But he did have one weakness, pictured here: Sacagawea. The staging called for him to make his first entrance while tossing the coin up and catching it, but he wasn't able to catch it consistently enough to do it onstage (nevermind that the lighting made the coin disappear from sight in the air).
Instead, the coin-flipping became a pre-show ritual. The only stage time it got was when it somehow leaped out of his pocket to the floor during his first song in one show.
Offstage, she is completely down-to-earth, without a trace of ego. The entire cast was like that, which was pretty remarkable to me.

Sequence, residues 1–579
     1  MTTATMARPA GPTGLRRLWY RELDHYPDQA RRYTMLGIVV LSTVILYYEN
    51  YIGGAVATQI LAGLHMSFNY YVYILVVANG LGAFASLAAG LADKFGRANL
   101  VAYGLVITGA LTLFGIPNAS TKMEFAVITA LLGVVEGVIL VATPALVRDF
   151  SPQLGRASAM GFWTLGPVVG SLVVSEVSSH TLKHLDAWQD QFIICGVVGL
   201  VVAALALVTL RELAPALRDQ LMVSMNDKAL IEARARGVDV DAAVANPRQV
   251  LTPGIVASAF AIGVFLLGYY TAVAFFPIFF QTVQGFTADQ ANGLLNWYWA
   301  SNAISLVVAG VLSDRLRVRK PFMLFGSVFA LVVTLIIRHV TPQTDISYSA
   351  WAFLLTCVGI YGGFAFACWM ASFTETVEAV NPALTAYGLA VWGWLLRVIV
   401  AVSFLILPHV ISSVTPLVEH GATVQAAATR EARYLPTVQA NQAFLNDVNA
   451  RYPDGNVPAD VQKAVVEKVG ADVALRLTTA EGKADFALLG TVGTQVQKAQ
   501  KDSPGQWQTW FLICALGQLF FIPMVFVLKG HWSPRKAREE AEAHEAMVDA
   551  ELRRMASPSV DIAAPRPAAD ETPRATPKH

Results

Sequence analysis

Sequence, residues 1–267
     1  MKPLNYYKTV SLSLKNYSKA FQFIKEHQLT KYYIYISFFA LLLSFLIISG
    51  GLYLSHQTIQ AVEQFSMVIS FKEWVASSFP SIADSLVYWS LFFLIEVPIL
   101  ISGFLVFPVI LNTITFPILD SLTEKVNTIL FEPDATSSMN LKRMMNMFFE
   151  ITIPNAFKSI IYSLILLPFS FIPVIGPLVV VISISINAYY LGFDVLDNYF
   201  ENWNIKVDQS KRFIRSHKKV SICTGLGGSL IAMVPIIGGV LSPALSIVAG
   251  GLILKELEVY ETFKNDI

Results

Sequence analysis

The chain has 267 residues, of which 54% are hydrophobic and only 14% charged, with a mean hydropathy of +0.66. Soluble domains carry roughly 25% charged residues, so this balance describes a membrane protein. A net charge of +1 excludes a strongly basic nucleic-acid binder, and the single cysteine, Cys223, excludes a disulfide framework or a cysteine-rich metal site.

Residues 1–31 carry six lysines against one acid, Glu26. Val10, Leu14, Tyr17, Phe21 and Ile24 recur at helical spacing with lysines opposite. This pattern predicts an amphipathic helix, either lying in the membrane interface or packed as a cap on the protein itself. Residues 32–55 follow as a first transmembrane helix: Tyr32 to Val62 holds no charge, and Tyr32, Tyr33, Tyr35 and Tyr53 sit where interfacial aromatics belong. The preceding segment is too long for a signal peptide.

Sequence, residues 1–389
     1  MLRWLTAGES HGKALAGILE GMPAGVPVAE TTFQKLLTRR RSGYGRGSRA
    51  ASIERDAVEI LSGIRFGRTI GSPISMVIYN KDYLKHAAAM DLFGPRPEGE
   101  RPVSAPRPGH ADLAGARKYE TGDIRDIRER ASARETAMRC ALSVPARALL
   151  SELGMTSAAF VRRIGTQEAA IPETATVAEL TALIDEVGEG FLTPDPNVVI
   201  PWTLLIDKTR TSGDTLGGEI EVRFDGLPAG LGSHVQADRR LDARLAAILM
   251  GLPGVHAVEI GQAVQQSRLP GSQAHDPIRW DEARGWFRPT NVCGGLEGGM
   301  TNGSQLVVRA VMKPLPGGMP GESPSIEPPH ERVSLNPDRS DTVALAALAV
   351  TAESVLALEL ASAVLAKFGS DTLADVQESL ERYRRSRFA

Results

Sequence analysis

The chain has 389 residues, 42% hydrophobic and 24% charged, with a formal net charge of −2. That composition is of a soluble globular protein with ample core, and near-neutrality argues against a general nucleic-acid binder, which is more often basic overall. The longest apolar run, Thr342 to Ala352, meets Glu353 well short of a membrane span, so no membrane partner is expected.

We all liked the water cooler, but I think for Doris it went somewhat beyond that.
Backstage, he regaled the rest of the cast with stories of his time in New York (where he worked in theater) and the projects he's done and people he knows in Houston. We had a lot of fun with wordplay. And when he didn't like one of his lines, I rewrote it for him, and he liked it enough to use it.
Like Joel, she was prepared and always on top of things. And she was funny, which I think the audience underappreciated because they weren't expecting it.
One night backstage, she told me that her friends who came to the show all liked my voice. That was a treat for my ego, I can tell you. So to all of Kay's friends: I love you guys!